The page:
Every week Celestine, a wonderful Cameroonian lady who cooks and does ‘market shopping’ (buys all the fresh stuff) for the hostel upstairs, has agreed to pick up fruits and vegetables for me when she is out shopping for the hostel. Tuesday is that day! Today, like most Tuesdays, I walked back from school after our weekly staff meeting and was greeted with a huge pile of fruits and vegetables – already washed, bleached, and ready to take down to my apartment. Let me give you an idea of what I got this week for the equivalent of about $9 . . .
*Lettuce (barely fits in a gallon Ziploc)
*Tomatoes (8 or 9 Romas)
*Pineapple (average size)
*Oranges (6 – and they are green here, not orange)
*Watermelon (about the size of a volleyball)
*Carrots (fills a gallon Ziploc when trimmed and washed)
*Green Beans (nearly fills a gallon Ziploc)
*Mangoes (6 a bit smaller than the variety you usually see in the US)
REALLY!?! Yep! And I had a totally awesome salad for supper with so many great flavors that I didn’t even put dressing on it! I should have taken a picture, but imagine this . . . a full sized plate covered in lettuce, sprinkled with cabbage and grated carrots. On top of that I added avocado, bacon bits (I actually found bacon a few weeks ago!), tomatoes, some chopped up swiss cheese, and a chopped up mandarin orange.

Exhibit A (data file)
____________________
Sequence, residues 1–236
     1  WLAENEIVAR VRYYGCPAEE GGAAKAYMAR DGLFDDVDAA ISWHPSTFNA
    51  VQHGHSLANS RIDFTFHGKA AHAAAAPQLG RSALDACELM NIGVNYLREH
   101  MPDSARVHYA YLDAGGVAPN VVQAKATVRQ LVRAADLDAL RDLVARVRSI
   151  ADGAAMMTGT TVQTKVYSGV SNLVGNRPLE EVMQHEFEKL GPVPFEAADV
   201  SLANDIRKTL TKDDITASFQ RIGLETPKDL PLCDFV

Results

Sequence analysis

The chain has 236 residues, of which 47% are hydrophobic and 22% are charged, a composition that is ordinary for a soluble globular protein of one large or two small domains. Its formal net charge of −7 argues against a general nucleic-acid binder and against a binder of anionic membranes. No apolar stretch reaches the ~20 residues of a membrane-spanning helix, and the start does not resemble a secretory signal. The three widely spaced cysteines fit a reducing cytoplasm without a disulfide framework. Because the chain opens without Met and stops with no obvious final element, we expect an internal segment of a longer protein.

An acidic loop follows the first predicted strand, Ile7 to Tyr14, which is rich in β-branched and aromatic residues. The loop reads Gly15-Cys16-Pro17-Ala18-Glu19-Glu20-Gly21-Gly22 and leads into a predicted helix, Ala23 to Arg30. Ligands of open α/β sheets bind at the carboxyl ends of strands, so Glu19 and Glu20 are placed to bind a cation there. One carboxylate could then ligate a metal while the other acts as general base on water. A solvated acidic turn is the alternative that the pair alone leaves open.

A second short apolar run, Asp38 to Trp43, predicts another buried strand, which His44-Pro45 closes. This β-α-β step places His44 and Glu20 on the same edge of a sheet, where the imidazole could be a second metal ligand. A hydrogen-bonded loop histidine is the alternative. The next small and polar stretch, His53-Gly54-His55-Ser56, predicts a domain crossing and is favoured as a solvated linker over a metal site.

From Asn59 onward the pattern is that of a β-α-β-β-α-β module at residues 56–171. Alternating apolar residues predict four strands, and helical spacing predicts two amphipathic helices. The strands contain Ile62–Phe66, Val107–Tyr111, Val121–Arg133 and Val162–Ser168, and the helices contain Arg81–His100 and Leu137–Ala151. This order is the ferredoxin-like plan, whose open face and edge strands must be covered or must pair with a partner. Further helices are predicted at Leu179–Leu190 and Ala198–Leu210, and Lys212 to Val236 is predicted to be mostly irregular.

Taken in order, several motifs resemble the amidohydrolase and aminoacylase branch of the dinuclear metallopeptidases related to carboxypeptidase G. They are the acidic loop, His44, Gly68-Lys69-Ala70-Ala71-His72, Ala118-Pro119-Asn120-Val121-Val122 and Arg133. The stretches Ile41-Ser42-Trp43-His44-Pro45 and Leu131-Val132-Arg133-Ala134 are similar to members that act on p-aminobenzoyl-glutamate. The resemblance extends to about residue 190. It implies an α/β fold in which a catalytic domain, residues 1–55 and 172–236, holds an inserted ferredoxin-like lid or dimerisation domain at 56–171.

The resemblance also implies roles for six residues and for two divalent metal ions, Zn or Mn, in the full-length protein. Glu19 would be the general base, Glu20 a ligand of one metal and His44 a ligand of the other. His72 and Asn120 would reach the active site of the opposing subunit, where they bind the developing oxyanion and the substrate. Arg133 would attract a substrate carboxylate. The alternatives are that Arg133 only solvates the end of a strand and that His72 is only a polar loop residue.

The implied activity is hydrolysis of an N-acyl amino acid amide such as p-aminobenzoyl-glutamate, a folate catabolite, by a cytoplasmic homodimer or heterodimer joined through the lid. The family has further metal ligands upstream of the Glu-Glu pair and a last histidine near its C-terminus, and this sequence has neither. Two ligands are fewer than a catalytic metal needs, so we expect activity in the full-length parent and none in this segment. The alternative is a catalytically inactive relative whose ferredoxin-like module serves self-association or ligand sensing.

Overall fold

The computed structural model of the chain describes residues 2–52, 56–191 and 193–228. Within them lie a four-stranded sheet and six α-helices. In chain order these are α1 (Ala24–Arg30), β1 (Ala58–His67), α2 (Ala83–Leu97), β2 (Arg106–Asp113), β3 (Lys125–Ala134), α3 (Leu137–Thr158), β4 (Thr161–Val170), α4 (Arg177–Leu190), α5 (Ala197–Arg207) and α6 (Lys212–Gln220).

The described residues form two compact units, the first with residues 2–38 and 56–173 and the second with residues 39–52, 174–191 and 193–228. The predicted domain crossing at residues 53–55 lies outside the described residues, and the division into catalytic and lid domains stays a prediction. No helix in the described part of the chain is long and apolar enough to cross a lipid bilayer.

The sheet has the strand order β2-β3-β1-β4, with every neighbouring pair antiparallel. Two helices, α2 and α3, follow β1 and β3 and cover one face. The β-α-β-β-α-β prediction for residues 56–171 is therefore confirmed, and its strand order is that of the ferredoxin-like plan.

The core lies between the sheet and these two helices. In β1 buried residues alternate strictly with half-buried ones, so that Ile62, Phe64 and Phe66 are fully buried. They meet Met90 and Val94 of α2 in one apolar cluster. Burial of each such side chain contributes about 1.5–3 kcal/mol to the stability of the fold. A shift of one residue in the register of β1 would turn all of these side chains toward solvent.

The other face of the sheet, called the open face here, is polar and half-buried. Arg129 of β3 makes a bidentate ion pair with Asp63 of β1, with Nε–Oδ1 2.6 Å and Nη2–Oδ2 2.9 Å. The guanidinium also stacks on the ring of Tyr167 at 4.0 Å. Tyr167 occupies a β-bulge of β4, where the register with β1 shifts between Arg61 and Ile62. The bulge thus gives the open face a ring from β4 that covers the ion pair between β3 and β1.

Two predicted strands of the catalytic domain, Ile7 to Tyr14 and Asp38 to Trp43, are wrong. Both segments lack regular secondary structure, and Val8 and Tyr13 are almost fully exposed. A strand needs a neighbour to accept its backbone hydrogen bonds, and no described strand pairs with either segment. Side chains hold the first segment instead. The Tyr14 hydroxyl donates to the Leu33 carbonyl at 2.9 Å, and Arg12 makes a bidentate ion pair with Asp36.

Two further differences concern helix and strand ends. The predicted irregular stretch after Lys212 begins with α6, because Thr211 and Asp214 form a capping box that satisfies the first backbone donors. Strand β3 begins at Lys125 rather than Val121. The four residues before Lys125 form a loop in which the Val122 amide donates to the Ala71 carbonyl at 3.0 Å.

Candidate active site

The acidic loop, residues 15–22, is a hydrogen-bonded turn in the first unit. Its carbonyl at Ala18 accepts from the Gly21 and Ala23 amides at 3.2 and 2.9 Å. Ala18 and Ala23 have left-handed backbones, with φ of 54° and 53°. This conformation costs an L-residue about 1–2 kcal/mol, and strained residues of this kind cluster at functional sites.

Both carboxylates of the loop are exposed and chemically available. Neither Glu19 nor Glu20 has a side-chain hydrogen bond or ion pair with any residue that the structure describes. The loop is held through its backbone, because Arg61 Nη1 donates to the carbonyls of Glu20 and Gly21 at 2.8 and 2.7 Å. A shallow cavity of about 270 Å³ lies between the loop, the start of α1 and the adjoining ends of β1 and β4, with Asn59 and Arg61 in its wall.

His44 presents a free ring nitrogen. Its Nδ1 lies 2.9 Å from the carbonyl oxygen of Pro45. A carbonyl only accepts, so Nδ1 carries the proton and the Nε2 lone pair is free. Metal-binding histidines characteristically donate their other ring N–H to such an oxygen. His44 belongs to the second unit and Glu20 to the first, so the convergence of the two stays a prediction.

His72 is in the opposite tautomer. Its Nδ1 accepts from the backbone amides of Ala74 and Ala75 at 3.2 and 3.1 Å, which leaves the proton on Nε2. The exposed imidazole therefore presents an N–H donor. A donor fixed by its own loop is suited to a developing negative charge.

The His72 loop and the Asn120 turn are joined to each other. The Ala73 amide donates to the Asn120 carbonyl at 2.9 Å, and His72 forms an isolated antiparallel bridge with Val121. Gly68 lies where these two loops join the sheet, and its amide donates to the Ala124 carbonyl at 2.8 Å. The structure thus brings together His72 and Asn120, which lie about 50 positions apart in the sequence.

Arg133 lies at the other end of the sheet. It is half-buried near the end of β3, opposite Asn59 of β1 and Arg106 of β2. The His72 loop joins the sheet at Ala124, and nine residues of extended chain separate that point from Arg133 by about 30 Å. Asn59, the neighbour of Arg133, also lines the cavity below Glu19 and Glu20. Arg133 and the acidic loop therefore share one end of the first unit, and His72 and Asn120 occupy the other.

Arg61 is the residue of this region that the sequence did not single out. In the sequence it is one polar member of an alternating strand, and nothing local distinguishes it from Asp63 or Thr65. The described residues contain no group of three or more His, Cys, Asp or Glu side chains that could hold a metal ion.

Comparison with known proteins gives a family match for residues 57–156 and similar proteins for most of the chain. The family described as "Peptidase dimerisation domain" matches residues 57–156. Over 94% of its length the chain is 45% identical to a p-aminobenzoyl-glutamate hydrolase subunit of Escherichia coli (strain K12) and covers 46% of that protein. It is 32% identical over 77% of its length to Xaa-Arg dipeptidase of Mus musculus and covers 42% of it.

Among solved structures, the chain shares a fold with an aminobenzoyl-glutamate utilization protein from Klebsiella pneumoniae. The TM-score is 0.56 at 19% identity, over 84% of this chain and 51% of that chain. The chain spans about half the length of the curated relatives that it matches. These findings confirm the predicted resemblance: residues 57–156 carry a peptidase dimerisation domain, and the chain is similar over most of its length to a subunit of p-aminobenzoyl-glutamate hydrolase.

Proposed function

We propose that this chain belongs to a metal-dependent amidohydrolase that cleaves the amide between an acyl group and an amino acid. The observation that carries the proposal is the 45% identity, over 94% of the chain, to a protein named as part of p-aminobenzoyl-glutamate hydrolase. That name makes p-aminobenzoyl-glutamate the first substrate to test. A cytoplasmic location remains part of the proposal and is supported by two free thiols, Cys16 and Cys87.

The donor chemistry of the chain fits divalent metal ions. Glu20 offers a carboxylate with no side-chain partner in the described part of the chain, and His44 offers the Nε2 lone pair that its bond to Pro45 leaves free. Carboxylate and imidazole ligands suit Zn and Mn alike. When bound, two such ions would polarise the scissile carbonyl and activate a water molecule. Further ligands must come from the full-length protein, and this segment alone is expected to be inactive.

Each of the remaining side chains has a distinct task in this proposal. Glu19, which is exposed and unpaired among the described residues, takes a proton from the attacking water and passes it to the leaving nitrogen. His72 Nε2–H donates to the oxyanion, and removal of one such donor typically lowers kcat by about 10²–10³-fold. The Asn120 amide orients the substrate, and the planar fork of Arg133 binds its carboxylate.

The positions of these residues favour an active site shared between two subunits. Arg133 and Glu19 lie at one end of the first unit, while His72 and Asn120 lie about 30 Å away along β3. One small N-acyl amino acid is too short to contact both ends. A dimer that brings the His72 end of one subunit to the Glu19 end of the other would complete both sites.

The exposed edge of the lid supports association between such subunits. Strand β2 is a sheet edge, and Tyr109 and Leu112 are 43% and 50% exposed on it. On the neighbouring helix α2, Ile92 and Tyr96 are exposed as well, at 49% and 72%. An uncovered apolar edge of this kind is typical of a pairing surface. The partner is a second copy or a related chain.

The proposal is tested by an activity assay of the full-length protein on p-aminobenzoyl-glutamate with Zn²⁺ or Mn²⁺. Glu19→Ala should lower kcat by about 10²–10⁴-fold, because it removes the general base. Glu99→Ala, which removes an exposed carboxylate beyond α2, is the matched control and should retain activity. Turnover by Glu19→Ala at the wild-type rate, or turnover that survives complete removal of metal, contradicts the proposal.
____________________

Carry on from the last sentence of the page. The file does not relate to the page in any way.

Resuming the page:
Yep – that is my ‘suffering’ for the Lord story for the day. Gotta love it!
Oh, and did I mention I ate a guava from right off the tree on the way home from school and that I have fresh bananas grown on our property sitting on my counter too?
I am officially in my apartment, and have been for several weeks now. It is slowly becoming more and more a home. Pretty much all of my things are unpacked (or at least in the apartment), though that does mean it is a bit of a disaster area and will remain so until we get some storage built. All of the essentials are up and running, and though the big stuff that is left (storage divider wall/wardrobes, washing machine and dryer, etc) will probably take a quite a while, many of the small fixes and finishing touches (gutters upstairs so I can leave my windows open in the rain, screens on the last set of windows, exhaust fan for the bathroom, door on the pantry cupboard, etc) will probably be done in the next week or two. It may be a studio apartment, but it has a LOT of space!